Finding a job can be difficult for anyone. For those on the autism spectrum, finding a job can have its own unique challenges. While autistics have great talents and skills that employers desire, some autistic jobseekers struggle to communicate their abilities using the current networking and job posting platforms. Whether it be the general site interface or abstract language, traditional employment websites can be difficult for many with autism to navigate.
Autism Speaks is sponsoring the Autism Employment Connector Challenge to provide autistic job seekers with a solution to aid in the search and application process to potential employers. With the power of your big ideas, we can remove the barriers and tap into the strengths of this willing labor force.
Autism, or Autism Spectrum Disorder (ASD), refers to a broad range of conditions characterized by challenges with social skills, repetitive behaviors, sensory perceptions, movement, executive function, speech and nonverbal communication. The CDC estimates that 1 in 45 adults (2.21%) in the United States is autistic, or approximately 5,437,988 Americans. Annually an estimated 70,000 teens transition out of school-based programs and hopefully move into the employment sector.
Autistics can bring unique strengths to the workplace. Evidence shows that autistic employees helped their employers
- Increase productivity and market reach,
- Solve problems creatively with tremendous cost savings,
- Reduce employee turnover by half
- And enrich the diversity of their workforce
But before autistic jobseekers can be employed, they encounter challenges at the start of the hiring process. Current employment networking and job posting platforms can be challenging for autistic people. Employers traditionally rely on jobseekers to communicate their abilities in text and according to cultural rules that might not be easily understood by people with autism.
Current employment platforms assume everyone communicates the same way and understands the unwritten rules of searching for a job. Job postings may be written in ambiguous language with little concrete meaning that is important to people who think and process information differently. As a result, these current platforms don’t accommodate the differences in communication or information processing that some autistic people may face.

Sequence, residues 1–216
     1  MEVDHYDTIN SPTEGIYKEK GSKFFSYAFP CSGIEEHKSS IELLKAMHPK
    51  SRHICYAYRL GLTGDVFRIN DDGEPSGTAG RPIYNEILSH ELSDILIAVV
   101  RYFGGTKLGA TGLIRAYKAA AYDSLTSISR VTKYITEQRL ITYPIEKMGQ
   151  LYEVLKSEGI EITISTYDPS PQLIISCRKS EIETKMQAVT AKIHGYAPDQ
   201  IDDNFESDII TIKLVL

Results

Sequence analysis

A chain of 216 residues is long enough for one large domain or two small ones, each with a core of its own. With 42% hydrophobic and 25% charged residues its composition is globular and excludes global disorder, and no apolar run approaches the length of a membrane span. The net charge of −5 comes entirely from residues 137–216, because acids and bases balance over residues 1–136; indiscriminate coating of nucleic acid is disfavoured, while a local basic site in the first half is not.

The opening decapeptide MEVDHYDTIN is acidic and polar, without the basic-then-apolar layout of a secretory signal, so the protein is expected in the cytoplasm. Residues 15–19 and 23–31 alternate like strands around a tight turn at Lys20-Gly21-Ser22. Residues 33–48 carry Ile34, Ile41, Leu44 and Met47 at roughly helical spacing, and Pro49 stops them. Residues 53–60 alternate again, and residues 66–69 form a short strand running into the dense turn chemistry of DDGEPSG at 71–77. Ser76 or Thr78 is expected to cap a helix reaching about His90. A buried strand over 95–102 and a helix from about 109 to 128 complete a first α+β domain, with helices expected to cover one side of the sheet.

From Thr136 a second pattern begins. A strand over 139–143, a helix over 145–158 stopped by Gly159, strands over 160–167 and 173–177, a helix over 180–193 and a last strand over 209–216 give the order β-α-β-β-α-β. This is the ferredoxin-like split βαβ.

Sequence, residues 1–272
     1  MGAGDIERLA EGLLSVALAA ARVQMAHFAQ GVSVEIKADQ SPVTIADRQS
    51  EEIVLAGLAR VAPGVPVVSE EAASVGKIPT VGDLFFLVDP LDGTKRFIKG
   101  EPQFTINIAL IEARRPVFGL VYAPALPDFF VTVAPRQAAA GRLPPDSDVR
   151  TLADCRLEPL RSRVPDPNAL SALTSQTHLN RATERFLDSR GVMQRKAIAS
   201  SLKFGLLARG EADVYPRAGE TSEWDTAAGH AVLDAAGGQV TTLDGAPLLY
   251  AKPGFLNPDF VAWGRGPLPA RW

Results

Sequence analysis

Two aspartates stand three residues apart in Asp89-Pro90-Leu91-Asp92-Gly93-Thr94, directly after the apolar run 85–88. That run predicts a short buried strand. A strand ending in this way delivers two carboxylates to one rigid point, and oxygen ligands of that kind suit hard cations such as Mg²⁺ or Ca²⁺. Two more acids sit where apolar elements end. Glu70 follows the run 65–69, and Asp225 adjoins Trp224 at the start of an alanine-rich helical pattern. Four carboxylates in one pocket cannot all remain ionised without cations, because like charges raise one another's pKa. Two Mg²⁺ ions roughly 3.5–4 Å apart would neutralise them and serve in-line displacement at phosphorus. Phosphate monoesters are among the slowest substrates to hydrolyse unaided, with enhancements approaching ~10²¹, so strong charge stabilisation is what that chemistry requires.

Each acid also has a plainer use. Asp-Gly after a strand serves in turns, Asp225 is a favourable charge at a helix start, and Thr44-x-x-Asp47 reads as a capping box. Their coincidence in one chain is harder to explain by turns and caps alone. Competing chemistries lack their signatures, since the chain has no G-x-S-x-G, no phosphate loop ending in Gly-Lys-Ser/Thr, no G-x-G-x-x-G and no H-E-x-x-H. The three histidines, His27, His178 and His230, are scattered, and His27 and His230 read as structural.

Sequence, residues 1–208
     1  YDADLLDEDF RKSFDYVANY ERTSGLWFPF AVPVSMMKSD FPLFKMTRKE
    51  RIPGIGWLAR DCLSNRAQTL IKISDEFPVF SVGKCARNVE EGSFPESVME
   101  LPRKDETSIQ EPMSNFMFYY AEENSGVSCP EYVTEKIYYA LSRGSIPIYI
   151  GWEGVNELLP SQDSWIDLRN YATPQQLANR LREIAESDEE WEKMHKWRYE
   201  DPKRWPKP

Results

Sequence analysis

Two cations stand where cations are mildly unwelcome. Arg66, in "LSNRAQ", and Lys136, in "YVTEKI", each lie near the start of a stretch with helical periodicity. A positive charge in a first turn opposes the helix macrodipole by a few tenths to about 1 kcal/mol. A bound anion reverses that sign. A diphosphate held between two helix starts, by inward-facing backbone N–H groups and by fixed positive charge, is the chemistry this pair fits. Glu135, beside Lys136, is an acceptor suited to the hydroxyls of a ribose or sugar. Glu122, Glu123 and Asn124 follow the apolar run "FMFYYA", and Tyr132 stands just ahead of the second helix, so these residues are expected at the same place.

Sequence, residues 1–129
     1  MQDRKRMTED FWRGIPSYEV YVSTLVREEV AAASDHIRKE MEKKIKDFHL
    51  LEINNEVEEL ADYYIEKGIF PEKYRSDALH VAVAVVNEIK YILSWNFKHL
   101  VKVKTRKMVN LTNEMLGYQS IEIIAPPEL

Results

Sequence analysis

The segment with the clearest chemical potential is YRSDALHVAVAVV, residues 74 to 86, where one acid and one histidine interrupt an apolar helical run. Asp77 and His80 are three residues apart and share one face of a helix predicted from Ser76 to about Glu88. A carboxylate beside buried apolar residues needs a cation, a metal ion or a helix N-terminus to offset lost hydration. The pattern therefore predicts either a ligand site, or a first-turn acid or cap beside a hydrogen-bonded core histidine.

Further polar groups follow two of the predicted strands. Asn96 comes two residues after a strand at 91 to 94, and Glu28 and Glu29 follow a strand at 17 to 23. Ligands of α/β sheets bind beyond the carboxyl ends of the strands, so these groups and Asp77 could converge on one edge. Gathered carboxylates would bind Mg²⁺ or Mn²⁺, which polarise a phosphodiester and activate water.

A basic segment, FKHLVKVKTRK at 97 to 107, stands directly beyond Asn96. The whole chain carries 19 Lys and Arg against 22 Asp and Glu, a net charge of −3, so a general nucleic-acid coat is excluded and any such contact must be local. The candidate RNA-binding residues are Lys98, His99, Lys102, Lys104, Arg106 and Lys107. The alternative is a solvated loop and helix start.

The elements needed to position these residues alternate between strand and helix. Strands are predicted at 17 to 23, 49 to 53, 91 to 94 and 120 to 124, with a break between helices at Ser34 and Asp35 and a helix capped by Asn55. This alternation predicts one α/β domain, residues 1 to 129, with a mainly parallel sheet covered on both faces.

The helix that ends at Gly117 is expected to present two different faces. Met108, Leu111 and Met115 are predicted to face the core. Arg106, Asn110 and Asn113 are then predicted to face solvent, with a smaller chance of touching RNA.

Working with people on the autism spectrum, Autism Speaks has identified this communication mismatch as a structural problem in the hiring process and as a barrier to employment for hundreds of thousands of autistics.
When a jobseeker’s skills and employer’s needs can’t be matched due to communication and information processing disconnects employers miss out on a more diversely talented applicant pool.
As a result, autistics are more likely to be unemployed or underemployed. This lack of employment can lead to a history of underemployment starting early in a career, lower lifetime earnings and wealth creation and mental health issues. We can dramatically transform this situation by creating an accessible system or platform that allows for the exchange of relevant information in autism-friendly interfaces with language that autistics can more readily process and that employers can easily provide.
Autism Speaks is searching for big ideas to address this situation. The challenge of this project is to develop a solution that helps increase accessibility for autistic job seekers to search employment opportunities and navigate the application process with the end goal to connect with potential employers.
This requires identifying and removing structural biases that currently exist in the hiring process. We welcome entrepreneurs, researchers, scientists, students, existing employment platform services, staffing experts, and anyone eager to include cognitive, sensory, and intellectual differences into the Diversity and Inclusion movement to take on this challenge and create a solution.
We are looking for a solution that will facilitate functional and results-driven connections between employers and autistics.